A stable kind of guy
My pal Russ Sheffrin and I almost have a lot in common.
I know the word “almost” doesn’t fit with the term “having things in common.” It’s a black and white issue — either you do or you don’t, right?
Bear with me on this one, willya?
Russ and I are both locals. But I’m a 100% townie, born and bred within the village limits. Russ, on the other hand, was born in Joisey and was raised a princeling in the feudal estate of the Ray Brook State Hospital.
We both went to the Petrova School, graduating in 1964 … though he at the top of the heap as valedictorian, and me in magnificent mediocrity as 37th out of 75.
After college, each of us went in the Navy. As might be expected, he was an officer and a gentleman, complete with sword, attitude and the ability to resign his commission at the drop of his gold-trimmed hat. I was a humble enlisted man, stuck with four years of indentured servitude, whether I liked it or not.
After the Navy, we each taught at Paul Smith’s College. He lasted one summer session before going on to bigger and better things. In contrast, for 40 years I huddled in the trenches of academe, trying to stem the onslaught.
But our differences aside, there’s one thing we do have in common — we’re both inveterate shmoozers.
I was like that since childhood; as a kid, Russ was reserved to the point of aloofness. But no more. Now, plunk him down in a room full of strangers and he’ll immediately start chatting like a magpie.
Like me, he loves to find out the details of others’ lives. Then again, because he’s a headshrinker (of the Rogerian, not Jivaro, ilk), he may be doing it to keep his billable skills sharp, though I’d like to think not.
From the horse’s butt…
Last week Russ was in town and we met at Nori’s for coffee and convo, and he told me of his dinner the previous night. His focus wasn’t the food, but the server. Or more exactly, his conversation with the server. He couldn’t wait to share the details and launched into them as soon as we sat down.
“I had dinner at the Downhill Grill last night,” he said.
“How was it?” I said.
“Real good, as always,” he said. “But the best part wasn’t the food.”
“Oh?” I said, rising to my new-found status as second banana. “What was the best part?”
“Talking with the waitress,” he said.
“What’d you talk about?” I said.
“Mostly Paul Smith’s, since she’s a student there.”
“You told her you taught there?” I asked.
A slight scowl crossed his face, as if deigning to answer such an obvious question was far beneath his dignity.
“Of course I did,” he said. “But not so blatantly.”
“All right,” I said. “In what subtle way did you tell her?”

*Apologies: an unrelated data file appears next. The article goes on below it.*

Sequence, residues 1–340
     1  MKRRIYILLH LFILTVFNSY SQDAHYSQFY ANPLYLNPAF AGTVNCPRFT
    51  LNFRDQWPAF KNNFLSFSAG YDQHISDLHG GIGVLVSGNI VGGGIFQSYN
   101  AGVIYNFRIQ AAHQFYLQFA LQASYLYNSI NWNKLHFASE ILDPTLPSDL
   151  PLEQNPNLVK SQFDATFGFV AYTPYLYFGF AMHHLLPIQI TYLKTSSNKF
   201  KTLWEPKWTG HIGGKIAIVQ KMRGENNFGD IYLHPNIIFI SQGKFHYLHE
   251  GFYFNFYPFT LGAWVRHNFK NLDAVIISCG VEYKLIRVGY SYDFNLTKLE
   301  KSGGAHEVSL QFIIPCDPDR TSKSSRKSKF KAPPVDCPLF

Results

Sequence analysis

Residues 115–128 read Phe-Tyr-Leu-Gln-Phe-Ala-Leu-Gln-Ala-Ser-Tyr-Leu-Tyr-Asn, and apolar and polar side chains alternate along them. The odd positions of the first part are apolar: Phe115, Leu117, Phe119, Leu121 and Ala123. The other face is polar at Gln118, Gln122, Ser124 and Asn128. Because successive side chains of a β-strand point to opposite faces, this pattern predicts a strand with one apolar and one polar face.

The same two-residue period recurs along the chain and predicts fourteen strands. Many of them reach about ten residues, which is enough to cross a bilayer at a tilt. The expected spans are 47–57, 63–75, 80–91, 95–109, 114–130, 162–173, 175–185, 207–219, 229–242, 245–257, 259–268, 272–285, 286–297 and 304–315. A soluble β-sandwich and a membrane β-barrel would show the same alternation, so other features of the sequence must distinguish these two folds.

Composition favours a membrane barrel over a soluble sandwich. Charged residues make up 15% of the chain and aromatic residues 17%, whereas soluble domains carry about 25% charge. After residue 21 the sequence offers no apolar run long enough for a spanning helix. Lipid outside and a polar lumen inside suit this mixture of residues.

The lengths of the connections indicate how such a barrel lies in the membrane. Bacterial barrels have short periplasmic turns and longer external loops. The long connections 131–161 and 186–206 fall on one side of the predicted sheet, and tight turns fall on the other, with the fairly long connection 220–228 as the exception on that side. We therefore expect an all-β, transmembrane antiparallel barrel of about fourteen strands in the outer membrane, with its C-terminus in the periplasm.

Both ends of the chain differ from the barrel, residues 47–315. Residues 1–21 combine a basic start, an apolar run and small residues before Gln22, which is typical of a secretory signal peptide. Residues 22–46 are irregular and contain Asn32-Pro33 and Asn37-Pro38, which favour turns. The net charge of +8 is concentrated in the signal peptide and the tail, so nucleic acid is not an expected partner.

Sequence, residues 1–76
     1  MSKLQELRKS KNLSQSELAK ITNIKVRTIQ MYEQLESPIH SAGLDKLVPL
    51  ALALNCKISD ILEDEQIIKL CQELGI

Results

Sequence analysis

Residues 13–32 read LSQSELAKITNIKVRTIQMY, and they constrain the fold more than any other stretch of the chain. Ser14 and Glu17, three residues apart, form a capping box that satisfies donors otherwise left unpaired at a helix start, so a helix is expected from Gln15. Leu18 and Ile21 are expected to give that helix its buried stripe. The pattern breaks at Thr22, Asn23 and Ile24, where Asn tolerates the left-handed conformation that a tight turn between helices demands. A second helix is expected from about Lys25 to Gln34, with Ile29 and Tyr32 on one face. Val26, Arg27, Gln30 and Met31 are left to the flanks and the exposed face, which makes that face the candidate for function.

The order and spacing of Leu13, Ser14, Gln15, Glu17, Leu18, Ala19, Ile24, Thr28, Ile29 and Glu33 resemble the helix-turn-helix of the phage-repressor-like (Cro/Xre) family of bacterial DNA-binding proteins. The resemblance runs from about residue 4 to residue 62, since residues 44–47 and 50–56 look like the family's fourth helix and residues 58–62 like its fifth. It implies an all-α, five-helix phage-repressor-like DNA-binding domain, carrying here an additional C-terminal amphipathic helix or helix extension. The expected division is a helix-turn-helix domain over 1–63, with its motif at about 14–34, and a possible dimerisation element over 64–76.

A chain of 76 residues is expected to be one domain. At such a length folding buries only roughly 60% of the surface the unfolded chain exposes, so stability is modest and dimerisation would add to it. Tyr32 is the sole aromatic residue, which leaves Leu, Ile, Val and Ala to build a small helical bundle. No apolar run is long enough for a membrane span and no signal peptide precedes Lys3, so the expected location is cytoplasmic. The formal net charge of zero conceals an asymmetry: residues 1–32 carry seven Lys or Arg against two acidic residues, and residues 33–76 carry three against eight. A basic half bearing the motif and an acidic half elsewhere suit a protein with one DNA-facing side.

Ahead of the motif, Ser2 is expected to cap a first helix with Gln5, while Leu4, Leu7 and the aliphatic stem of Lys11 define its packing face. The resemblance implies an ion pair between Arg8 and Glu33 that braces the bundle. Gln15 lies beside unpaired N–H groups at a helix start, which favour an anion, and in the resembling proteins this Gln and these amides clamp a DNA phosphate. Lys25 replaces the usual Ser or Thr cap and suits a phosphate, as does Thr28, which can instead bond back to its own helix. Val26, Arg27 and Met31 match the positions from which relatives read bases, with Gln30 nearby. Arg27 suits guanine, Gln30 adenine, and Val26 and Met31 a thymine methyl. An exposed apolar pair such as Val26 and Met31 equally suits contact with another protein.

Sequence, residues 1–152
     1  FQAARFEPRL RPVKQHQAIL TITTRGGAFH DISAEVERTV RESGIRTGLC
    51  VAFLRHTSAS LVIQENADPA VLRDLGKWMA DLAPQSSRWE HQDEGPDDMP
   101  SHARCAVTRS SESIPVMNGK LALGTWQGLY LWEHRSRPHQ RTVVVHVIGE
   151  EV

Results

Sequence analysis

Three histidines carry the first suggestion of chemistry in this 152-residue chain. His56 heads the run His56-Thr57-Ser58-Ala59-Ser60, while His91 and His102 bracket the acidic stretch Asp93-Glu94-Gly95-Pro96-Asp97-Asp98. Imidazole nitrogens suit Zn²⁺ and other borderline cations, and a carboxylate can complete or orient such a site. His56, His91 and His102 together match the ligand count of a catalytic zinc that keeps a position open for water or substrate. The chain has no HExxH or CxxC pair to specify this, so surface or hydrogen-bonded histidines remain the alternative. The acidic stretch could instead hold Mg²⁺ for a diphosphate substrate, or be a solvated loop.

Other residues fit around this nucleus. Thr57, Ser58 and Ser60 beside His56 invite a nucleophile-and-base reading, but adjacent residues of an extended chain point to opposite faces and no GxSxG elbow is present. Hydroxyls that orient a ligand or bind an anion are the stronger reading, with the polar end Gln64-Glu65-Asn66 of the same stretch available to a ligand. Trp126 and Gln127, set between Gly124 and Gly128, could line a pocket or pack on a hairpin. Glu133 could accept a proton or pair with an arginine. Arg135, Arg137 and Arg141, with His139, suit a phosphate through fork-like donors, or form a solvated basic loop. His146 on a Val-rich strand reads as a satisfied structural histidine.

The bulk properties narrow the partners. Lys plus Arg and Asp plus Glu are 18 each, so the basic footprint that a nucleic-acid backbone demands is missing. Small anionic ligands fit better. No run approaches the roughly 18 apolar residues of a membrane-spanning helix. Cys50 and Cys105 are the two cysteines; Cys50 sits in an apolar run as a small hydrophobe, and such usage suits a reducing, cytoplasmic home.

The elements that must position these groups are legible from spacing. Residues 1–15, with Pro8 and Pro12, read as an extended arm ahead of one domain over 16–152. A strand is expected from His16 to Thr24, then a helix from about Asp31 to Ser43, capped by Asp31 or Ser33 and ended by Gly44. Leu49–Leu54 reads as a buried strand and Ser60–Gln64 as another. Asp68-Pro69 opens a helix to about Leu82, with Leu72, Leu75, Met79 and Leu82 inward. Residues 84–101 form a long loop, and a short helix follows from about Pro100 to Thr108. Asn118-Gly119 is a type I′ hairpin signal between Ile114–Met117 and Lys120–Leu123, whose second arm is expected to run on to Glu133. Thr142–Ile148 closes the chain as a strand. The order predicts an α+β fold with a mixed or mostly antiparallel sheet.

“I said I taught there before her parents were born.”
Ah, yes, subtlety personified.
“And that’s when it started to get interesting,” he said.
“She asked me when I taught there, and I told her. Then she rattled off a bunch of people’s names, asking if I’d known them.”
“Ah, out of the mouths of babes,” I said. “Anyone who worked there then is now either a full-time resident of Wrinkle City or Forest Lawn.”
“You and I know that,” he said, “but I’m not sure young people do. Anyway, it gets better.”
I sure hope so, I thought.
“Then, of course, I asked if she knew you,” he said.
“Which I’m sure she didn’t, since I retired long before she arrived there.”
“Ah-ha!” he said.
“Ah-ha?” I said.
“You’d be surprised,” he said.
“So surprise me,” I said.
A smug smile covered his face.
“Well, after I mentioned your name, she said, ‘Is he one of the draft horses?'”
Then he burst into laughter, but no louder than 150 decibels or so.
Finally, he regained his breath and some degree of propriety and went on.
“Bob Seidenstein, the draft horse,” he said. “Isn’t that hilarious?”
“A regular laugh riot,” I said.
And it might have been, except for one thing: As happens too often with our age group, I knew he hadn’t heard it right. A draft horse named Bob — Seidenstein or otherwise? Get real. Goliath, Big Red, Brutus, Duke, Champ or Atlas — for sure. But Bob? Fergit it.
…to the horse’s mouth
Of course, the only way to settle the issue was to go directly to the horse’s mouth, as it were, and talk with the waitress. Which I did the next night.
After I walked in the Downhill Grill and exchanged greetings with co-owner Ken Lawless, I asked which of his waitresses went to Paul Smith’s.
“Hannah,” he said, pointing her out.
She was done with her shift and was decompressing at a table, when I went over and introduced myself.
After the usual pleasantries, I got down to business and asked her if she’d remembered her conversation with Russell the night before. Which she had.
“So when he asked you if you knew me, did you say I was a draft horse?”
“A draft horse?” she said, obviously confused. “Why would I have said that?”
“I can’t imagine you did,” I said. “I just wanted to find out what you said.”
“Well, I only caught the first name,” she said. “And the only Bob I knew there was Bob Brehl, the guy who was in charge of the draft horses.”
Then she added, “Which is what I told him.”
And which, of course, was not what he heard.
And what this means is there isn’t one funny story here, but two. The first is Russ’s version, of Bob Seidenstein the draft horse, making me the butt of the joke. The second is Russ not hearing it right, making him the butt of the joke.
So am I going to get on the horn and tell Russ the real story?
Of course not.
I mean, what kind of friend would I be if I ruined his story and spoiled all his fun?